student activities fees, to reimburse
1988," he said in his speech, "What's
Ahead for the Economy?"
Rukeyser kicked off a three-day
"Management in Transition" confer
ence sponsored by students in UNC's
Graduate School of Business
No one really can be sure when
the stock market will be back,
Rukeyser said. But he did say that
long-term investments in such indus
tries as health, energy and technology
should prove profitable.
Before making any decisions,
investors should make a list of five
to 10 companies that will potentially
be "attuned to the future," he said,
then invest regularly in those chosen
companies, disregarding daily
"Most people give their advice
through a rear-view mirror," he said.
"They tell you what you shouldVe
done. Anyone can do that. I prefer
to look through the front windshield
it's a little cloudy, but that's where
the money is."
Rukeyser assessed economic and
political issues that plague the United
See SPEAKER page 4
Only dull people are brilliant
Hathaway asked that the bill be
brought back before the congress and
proposed that the subsidies should
not take effect until the 1989 elections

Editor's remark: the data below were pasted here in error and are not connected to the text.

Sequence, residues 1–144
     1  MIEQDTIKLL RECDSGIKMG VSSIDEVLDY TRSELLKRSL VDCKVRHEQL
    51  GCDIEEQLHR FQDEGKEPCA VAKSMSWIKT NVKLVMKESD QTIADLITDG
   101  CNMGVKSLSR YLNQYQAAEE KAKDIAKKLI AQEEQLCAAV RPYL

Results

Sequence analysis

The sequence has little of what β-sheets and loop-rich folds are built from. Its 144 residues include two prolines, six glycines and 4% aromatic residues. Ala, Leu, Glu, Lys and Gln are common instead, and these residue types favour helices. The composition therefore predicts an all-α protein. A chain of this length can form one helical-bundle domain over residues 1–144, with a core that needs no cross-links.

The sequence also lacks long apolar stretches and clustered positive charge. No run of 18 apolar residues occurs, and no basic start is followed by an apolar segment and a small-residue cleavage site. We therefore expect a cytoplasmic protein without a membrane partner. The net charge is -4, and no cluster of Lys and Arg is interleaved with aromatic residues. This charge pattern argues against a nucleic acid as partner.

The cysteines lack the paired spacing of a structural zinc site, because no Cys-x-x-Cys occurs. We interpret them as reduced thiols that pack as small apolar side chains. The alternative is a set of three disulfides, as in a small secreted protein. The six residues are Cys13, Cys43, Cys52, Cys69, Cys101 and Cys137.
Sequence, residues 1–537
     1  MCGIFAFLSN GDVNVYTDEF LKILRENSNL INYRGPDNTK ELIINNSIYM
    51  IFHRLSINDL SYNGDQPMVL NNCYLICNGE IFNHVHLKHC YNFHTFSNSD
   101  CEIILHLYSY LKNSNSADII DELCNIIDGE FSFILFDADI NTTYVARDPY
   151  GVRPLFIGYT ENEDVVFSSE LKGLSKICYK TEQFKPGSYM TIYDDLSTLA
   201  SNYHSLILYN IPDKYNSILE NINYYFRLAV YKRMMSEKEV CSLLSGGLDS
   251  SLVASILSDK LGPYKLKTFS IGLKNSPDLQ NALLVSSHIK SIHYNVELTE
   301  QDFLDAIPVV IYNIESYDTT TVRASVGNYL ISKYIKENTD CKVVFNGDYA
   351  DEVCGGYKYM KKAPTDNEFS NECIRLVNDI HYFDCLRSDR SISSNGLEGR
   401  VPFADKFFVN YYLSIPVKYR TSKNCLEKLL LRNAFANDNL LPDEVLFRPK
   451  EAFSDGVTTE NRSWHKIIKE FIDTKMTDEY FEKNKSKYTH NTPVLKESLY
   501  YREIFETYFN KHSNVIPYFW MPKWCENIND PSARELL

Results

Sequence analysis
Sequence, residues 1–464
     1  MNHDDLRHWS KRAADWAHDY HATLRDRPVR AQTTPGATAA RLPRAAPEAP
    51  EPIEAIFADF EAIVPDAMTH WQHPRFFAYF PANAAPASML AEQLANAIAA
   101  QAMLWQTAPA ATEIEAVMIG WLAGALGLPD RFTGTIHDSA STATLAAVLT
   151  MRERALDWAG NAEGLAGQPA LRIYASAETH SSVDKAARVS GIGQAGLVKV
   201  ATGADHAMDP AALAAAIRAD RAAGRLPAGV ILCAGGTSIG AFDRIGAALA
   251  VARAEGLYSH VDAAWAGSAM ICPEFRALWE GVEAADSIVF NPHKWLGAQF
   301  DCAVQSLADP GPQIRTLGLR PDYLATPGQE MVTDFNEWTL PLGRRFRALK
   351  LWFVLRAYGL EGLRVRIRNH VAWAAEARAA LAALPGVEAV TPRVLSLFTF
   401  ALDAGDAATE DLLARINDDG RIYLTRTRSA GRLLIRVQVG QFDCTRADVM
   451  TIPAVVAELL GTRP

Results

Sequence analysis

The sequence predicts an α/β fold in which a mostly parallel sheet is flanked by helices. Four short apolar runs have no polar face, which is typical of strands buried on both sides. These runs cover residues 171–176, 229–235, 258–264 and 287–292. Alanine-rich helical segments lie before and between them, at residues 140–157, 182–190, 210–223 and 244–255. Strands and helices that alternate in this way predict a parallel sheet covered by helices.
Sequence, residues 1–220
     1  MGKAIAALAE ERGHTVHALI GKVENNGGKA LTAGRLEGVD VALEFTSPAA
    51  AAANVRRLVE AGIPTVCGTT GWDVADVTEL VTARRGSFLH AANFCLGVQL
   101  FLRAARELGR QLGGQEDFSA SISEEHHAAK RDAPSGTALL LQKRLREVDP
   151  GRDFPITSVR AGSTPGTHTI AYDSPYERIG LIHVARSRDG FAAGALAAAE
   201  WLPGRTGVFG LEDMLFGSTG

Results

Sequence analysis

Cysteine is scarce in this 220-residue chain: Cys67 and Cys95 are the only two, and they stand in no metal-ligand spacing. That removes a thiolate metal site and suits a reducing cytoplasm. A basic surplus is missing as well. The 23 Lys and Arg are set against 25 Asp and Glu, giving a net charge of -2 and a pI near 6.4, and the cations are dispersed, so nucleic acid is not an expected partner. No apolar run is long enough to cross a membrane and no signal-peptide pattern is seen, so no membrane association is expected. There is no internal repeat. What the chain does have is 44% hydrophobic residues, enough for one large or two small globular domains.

if the bill is passed.
The bill was postponed so it could
be improved, Hathaway said.
"There were many (congress
members) who voted against the bill
who did it because of technicalities
and minor flaws they perceived in it,"
he said. "It's an idea whose time has
come and whose exact wording needs
to be refined."
Tar Heel takes command
By CORIN ORTLAM
Amidst the phasing out of
UNC Air Force ROTC,
the Army ROTC pro
gram is still going strong at Duke
University, and the strength and
leadership of this program lies in
a UNC senior, Ralph Krulder.
Krulder, a geography major
from Lincoln Park, N.J., has
been appointed first-in-command
of the Duke Army ROTC pro
gram this semester.
Krulder is the first UNC stu
dent to be appointed to the pres
tigious position of battalion com
mander since the program was
started on the Duke campus in
As battalion commander,
Krulder will be in charge of